*CarInsurance.com commissioned Quadrant Information Services to run auto insurance rates for a 2015 Honda Accord LX for 10 ZIP codes in each state using six large carriers -- Allstate, Farmers, GEICO, Nationwide, Progressive and State Farm. (In cases where one of the insurers doesn't return a rate, another major carrier in that state is substituted.)

Adding a 19-year-old driver to parents' policy is usually saves money

Most states consider a 19-year-old to be an adult, so drivers this age are able to buy their own car insurance. But mom and dad frequently take the easier -- and less costly -- approach of putting the teenager on their policy, especially if he or she lives at home. It's usually cheaper because premiums are set by insurance companies after they look at various factors, including the experience and driving record of the policy holder. Penny Gusner, the consumer analyst for CarInsurance.com, says that a 19-year-old probably won't snare the same coverage cuts the parent could qualify for, including multi-vehicle, multi-policy (where car and home policies are bundled) and loyalty discounts. These price breaks will help, but adding a 19-year-old will still mean a more expensive policy. 

As a 19-year-old looking for car insurance, here are a few situations that could relate to you:

The 19-year-old lives with parents and has a clean driving record

It's a good idea to have your parents add you to their policy, Gusner says. "It's typically less expensive to stay on the parents’ policy for as long as possible," she says. You may even help lower your parents’ premiums by qualifying for a good driver's discount if you have been a licensed driver for at least three years who has a clean driving record.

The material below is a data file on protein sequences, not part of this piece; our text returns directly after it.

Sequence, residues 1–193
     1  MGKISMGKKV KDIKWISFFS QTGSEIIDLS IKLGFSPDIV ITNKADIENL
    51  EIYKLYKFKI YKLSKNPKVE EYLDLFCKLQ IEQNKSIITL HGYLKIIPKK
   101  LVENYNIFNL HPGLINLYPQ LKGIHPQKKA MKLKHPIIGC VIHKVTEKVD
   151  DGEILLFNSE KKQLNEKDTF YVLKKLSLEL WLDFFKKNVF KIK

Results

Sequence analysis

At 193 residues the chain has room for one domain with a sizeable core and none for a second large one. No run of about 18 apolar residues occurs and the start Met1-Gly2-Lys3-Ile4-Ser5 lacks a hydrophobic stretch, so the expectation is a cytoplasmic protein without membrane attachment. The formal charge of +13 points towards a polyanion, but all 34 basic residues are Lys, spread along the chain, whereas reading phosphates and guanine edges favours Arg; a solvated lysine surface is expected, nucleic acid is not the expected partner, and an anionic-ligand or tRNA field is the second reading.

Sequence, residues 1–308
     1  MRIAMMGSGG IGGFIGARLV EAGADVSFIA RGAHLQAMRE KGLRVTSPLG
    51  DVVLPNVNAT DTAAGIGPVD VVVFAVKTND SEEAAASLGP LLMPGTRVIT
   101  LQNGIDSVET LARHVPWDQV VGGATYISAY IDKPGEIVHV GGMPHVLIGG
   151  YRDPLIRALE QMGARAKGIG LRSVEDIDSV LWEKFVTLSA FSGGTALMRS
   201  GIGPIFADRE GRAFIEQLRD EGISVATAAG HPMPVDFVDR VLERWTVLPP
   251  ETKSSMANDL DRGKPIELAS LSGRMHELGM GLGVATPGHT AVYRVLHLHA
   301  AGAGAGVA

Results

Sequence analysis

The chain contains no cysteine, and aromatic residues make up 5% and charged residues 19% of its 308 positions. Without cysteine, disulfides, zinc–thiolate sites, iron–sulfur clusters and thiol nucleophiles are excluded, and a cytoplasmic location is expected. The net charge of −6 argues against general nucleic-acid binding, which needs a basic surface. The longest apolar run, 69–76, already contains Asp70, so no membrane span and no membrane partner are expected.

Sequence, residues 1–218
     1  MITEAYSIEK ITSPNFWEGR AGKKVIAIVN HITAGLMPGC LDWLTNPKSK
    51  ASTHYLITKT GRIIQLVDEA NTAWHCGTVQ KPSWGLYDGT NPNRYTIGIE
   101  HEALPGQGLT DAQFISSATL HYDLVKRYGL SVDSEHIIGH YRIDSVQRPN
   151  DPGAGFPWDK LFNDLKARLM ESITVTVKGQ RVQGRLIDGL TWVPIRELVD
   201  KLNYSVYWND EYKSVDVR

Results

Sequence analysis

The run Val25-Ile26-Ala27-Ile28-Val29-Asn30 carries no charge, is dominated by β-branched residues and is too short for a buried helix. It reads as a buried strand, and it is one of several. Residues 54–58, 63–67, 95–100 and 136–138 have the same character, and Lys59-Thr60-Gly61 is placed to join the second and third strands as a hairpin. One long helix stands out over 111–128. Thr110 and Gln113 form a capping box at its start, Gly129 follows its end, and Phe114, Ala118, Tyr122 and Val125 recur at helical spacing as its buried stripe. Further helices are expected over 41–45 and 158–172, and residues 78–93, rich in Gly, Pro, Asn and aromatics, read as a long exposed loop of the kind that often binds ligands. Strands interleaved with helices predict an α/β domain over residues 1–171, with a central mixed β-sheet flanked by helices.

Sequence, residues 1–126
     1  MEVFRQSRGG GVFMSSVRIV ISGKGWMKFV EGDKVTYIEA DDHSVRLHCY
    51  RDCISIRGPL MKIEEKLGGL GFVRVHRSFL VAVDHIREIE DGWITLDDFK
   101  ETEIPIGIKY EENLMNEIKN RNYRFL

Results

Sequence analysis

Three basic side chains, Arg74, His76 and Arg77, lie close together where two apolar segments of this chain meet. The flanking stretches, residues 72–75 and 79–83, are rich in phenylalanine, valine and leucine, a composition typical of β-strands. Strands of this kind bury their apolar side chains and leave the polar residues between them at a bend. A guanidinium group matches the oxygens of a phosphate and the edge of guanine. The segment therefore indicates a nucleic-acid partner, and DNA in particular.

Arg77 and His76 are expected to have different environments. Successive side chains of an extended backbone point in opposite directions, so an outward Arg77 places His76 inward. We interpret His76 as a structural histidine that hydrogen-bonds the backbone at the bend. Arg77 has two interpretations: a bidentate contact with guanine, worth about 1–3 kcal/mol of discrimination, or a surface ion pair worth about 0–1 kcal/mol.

The 19-year-old has a good record but doesn't live with parents

A separate policy may be smart if you own a car and live on your own, says Gusner. You should also have coverage you don’t own a car, but drive another car regularly, she says, for instance, perhaps your roommate's. Consider a non-owner car insurance policy, which will provide protection, meet minimum state insurance requirements and also provide continual coverage, resulting in lower premiums over time. "Or, if the 19-year-old has a roommate and uses that person's vehicle regularly, he could be added to the owner's car insurance policy," Gusner adds.

The 19-year-old lives with parents but has a poor driving record